Closing the Cherokee Mental Health Institute (MHI) would be damaging for Plymouth County, according to area mental health professionals.
Transportation costs for both the county and patients having to travel greater distances to other facilities to receive treatment and related agencies that rent space on the institution's campus could face hardships.
Cherokee's MHI and those in Independence, Clarinda and Mount Pleasant are currently under scrutiny of a task force, formed by the Iowa Legislature, to study the facilities' programs and services.
That information will be used by the Iowa Department of Human Services (DHS) to recommend to state government leaders whether one of the MHIs should close and if so which one.
If one of the MHIs was closed, its services would be distributed among the three remaining institutions, said Roger Munns, spokesman for the Iowa DHS.
"The directions to us were not to serve any fewer people," Munns said. "It was just to have the same number served at fewer places."
If Cherokee's MHI closes, that would mean children and adolescents from Plymouth County and surrounding areas would have to go to private hospitals or travel to Independence -- more than 200 miles away.
"Cherokee is the only Acute Inpatient Treatment facility for children and adolescents in the region," said Patrick Schmitz, executive director of Plains Area Mental Health Center, in Le Mars.
"Even on the adult side, our Sioux City hospitals are inundated with the indigent care people and if we lost CMHI it would get even worse," Schmitz said.
If Cherokee's MHI closed, it would also have a direct effect on Plains Area's services, as it would lose the expertise of the five psychiatrists employed by Cherokee, Schmitz said.
Plains Area utilizes those professionals for help with its outpatient care, he said.
"We will start having a significant waiting list for people to receive outpatient services," Schmitz said.
Another area that would take a direct hit if Cherokee's MHI was to close would be other treatment agencies like Pride Group that are stationed on the institute's campus.
Mike Porter, CEO of Pride Group, said its program West Cedar provides a PMI (persons with mental illness) level of care.
"It's a 24-hour residential program," Porter said. "It's a step down from the hospital setting for chronically mentally ill and a step up from what we provide in Le Mars."
Porter said Pride Group rents its space on the MHI campus from the State of Iowa and he's concerned what it would mean for the agency if Cherokee MHI closed.
"The State of Iowa provides meals, housekeeping, maintenance," Porter said.
If the MHI closes, his question would be who would provide those services.
Porter said he's also concerned about the relationship Pride Group currently has with the hospital, which in addition to other things also provides medical staff for West Cedar.
"We have a hand-in-hand relationship," Porter said. "As an agency, we don't want them to close."
Not only would services be affected, but Pride Group and Plymouth County would also see an increase in transportation costs if patients had to be taken to one of the other MHIs in the state.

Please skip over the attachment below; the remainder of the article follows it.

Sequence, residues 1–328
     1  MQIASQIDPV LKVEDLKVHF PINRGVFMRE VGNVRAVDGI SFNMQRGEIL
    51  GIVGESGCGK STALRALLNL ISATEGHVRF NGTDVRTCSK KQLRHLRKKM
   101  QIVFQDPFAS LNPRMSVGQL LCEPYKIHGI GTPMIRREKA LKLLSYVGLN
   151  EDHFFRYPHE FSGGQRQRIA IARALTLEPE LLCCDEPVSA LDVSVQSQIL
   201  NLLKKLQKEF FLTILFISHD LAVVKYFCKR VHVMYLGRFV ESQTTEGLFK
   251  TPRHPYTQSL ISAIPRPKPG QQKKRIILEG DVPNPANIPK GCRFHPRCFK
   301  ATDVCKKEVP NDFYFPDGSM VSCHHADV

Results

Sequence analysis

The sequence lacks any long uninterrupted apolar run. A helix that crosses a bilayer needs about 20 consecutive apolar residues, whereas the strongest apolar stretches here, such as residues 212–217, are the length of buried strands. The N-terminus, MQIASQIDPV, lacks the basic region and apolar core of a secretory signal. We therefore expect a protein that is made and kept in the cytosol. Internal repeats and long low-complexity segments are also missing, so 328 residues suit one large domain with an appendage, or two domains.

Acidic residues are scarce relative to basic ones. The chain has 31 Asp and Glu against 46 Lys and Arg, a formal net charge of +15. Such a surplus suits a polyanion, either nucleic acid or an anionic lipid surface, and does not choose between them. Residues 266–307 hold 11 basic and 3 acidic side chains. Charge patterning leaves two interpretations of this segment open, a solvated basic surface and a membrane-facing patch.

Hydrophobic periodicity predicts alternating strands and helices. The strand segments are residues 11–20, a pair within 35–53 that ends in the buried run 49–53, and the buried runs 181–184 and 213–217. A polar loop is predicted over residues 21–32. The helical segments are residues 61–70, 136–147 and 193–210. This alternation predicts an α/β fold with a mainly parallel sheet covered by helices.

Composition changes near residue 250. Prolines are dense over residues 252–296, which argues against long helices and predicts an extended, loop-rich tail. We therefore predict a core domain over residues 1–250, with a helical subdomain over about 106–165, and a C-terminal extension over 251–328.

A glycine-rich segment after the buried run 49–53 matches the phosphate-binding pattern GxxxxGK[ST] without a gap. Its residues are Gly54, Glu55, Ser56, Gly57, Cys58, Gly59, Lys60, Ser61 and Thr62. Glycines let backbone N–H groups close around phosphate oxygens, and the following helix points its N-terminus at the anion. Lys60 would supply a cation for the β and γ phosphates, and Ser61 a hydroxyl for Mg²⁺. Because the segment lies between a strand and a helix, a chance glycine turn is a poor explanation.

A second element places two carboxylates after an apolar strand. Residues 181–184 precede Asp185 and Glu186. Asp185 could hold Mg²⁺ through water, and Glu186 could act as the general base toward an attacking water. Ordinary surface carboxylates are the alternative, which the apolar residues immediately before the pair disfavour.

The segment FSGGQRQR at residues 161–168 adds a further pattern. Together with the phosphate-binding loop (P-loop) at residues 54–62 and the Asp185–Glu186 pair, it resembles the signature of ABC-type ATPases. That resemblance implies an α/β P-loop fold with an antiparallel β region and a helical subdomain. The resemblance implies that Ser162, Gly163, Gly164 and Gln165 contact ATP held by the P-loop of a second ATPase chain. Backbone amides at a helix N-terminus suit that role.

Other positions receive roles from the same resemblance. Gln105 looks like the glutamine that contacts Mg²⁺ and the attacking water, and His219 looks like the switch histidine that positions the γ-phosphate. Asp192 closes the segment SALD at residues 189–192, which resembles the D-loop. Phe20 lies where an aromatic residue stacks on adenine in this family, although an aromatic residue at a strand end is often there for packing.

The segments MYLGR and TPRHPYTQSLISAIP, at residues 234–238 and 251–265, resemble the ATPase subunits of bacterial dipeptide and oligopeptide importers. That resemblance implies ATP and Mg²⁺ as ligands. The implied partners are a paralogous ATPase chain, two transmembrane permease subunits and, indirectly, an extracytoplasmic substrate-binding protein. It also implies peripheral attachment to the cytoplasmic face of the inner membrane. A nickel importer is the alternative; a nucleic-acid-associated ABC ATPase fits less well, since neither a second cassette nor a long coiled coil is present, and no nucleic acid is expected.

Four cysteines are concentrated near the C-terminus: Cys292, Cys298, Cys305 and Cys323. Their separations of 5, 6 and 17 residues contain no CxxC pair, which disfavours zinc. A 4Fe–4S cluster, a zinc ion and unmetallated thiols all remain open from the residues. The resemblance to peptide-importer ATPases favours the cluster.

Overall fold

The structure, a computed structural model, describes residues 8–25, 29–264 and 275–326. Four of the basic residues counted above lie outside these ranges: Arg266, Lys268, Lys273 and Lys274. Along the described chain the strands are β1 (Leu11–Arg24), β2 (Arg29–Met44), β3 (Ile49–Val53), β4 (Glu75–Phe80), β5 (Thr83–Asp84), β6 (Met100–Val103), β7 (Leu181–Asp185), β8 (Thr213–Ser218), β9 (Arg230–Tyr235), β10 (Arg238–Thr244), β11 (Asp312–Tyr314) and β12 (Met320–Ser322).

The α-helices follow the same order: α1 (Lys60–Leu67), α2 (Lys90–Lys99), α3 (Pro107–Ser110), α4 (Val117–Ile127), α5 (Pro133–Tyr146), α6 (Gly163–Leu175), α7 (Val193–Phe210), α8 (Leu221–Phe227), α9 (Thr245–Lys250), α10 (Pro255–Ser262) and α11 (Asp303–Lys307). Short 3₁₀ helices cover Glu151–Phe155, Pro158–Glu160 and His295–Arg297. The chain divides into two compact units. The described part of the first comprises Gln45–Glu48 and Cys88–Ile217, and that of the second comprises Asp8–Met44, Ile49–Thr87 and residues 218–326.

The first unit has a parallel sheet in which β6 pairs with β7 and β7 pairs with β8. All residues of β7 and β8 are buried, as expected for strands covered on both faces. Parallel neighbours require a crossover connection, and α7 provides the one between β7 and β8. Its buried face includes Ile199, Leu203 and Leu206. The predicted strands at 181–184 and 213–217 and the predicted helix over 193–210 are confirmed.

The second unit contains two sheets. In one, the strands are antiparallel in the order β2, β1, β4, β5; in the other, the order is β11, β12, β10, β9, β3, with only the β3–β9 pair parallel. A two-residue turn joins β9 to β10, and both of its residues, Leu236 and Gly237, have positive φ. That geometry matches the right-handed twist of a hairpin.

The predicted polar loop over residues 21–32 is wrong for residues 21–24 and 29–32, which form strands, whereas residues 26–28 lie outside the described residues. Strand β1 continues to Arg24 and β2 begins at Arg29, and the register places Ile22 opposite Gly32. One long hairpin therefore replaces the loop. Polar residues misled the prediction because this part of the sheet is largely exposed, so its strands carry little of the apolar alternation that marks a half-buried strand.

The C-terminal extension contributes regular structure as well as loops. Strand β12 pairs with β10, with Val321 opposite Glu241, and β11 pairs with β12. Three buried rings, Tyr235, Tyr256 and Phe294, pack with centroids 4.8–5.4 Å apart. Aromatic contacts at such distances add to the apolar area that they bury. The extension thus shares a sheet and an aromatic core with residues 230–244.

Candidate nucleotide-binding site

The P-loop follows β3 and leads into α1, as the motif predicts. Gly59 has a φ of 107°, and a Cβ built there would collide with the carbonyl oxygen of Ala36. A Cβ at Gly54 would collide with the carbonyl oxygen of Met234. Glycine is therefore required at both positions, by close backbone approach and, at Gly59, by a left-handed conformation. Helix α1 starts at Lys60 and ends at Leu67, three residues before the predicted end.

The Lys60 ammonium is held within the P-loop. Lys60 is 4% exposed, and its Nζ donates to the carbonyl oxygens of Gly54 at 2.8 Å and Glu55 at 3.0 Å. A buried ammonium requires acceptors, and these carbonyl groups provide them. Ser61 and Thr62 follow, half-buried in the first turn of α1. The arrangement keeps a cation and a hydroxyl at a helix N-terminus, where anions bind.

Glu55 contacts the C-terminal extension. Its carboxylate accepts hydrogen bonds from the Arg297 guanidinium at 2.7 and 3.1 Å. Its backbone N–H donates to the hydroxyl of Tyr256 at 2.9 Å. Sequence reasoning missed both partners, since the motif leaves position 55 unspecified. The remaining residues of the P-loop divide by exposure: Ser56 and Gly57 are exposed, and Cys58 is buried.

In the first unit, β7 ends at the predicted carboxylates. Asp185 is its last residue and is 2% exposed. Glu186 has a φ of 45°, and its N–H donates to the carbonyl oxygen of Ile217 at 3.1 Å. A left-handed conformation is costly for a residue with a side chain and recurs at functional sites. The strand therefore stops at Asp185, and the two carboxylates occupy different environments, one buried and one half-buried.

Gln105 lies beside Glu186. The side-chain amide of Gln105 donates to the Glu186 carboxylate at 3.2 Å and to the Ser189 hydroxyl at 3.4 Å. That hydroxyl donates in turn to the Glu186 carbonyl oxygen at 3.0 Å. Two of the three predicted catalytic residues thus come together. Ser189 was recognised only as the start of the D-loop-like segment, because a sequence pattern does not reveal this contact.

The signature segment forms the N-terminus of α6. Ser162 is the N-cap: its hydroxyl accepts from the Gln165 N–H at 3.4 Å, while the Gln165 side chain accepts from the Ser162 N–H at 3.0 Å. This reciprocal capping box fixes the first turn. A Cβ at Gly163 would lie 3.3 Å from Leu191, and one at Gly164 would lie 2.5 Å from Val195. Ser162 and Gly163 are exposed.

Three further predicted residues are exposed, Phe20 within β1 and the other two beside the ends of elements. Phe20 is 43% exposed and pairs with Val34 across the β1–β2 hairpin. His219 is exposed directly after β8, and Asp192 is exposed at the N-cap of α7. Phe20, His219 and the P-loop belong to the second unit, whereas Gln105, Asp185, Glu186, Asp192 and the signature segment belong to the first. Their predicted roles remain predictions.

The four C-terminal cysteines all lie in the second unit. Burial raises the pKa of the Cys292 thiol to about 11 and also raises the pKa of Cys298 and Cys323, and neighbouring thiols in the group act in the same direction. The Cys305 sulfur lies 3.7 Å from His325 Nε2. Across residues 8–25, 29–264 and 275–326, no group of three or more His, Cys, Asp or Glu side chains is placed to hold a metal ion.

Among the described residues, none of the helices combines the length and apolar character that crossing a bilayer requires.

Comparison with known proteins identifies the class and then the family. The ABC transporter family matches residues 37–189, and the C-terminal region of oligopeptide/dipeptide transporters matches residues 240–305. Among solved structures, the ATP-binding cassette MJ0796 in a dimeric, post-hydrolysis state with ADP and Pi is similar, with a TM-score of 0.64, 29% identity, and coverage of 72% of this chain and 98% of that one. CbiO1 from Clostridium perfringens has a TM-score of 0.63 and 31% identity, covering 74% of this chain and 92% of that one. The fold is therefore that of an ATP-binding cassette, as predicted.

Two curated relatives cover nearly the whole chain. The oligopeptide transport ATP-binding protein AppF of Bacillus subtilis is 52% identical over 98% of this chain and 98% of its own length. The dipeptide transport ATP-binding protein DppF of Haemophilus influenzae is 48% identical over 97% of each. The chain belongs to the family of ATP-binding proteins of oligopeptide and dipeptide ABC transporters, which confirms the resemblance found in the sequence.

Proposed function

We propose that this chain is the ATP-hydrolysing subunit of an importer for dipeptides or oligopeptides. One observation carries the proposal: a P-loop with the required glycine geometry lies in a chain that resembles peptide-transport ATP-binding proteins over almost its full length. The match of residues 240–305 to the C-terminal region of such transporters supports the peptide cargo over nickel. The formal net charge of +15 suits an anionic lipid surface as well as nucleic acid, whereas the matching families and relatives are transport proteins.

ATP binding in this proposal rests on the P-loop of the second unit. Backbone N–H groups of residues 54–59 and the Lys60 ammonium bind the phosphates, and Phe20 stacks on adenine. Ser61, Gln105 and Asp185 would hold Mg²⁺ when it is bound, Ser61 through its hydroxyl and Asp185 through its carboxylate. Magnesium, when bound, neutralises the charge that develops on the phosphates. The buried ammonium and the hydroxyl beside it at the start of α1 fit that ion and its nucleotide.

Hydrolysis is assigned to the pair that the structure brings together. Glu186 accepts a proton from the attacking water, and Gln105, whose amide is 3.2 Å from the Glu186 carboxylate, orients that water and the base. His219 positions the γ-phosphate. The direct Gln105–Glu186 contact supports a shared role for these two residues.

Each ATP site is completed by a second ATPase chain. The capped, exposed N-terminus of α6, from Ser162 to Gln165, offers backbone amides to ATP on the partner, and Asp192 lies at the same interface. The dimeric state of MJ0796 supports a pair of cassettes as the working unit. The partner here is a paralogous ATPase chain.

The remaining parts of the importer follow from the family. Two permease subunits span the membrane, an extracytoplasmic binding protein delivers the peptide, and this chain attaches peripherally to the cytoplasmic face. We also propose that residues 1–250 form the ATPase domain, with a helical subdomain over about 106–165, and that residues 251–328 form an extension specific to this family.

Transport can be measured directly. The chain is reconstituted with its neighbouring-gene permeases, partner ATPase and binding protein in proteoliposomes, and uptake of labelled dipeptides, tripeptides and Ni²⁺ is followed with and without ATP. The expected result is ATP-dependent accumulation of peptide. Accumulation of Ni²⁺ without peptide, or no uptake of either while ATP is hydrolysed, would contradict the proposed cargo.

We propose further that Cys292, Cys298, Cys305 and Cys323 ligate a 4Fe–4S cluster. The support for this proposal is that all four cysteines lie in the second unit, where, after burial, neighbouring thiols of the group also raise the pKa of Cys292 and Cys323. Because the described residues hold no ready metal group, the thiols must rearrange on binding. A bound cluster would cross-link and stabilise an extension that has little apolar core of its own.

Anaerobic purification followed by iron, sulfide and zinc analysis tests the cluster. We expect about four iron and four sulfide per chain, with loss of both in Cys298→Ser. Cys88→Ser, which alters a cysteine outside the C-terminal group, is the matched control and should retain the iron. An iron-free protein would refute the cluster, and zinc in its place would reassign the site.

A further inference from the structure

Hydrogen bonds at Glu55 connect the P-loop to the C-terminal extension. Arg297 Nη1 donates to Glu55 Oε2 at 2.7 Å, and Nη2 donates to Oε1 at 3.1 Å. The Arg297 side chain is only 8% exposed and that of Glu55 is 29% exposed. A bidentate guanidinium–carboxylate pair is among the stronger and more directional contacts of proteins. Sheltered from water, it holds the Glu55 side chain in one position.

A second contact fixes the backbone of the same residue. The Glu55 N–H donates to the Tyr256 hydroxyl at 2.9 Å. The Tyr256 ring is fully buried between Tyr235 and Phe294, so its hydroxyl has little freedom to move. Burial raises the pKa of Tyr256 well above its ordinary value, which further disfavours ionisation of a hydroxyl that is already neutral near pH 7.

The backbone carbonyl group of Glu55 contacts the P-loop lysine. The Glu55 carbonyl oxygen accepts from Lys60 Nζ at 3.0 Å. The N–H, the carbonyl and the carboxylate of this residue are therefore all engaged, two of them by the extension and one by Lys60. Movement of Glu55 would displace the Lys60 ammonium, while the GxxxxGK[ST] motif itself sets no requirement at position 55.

"It would very fiscally be an impact on the mental health budget to have them not there," said Sharon Nieman, central point coordinator for mental health and disabilities services in Plymouth County.
"The ones that go there from Plymouth County are indigent folks that have no insurance," Nieman said.
More than 30 people from Plymouth County went to Cherokee throughout the last three years, she said.
"The numbers don't sound huge until you put it into perspective," Nieman said.
For example, when an individual is court-ordered into state hospitalization the county has to pay a portion of it, she said.
The county also has to pay any transportation costs to take the individual to the MHI and back for court hearings and the like, Nieman said.
That cost could increase greatly if someone had to go to Independence in eastern Iowa compared to Cherokee, about 30 miles away, for treatment, she said.
"It would be a huge detriment if we lost Cherokee," Nieman said.
Like Plymouth County officials, Dr. Dan Gillette, Cherokee MHI's superintendent and clinical director, is also concerned about possible closure.
But, he said, Cherokee MHI's merits speak for themselves.
"Our county billing peridium cost is substantially lower than the other MHIs. We're probably less than one-half the cost of a private hospital," Gillette said. "The care we provide is a bargain."
The hospital currently provides care for adults in 41 counties and children and adolescents in 56 counties in northwest Iowa, Gillette said.
"We also provide clinical training for students in 20 different schools (universities) in a four-state region," Gillette said.
In addition to Pride Group's West Cedar program, seven other agencies' rent space on the hospital's grounds, he said.
Cherokee MHI also offers the Civil Commitment Unit for Sex Offenders, a long-term residential treatment for repeat sex offenders who have been judged more likely to re-offend, Gillette said.
"The big thing is the task force very explicitly is looking at the facilities' economic impact and the community benefits," Gillette said. "Ultimately the closure comes down to a political decision and that means nothing is more important than the input of citizens."
People will have a chance to meet with the task force, ask questions and share concerns about the possible closure of the Cherokee MHI from 4-5 p.m. today (Tuesday) in the hospital's auditorium.
Cherokee is the first of the four MHIs to receive a visit from the task force.
Next it will be in Independence Sept. 28, Clarinda Oct. 12 and Mount Pleasant Oct. 26.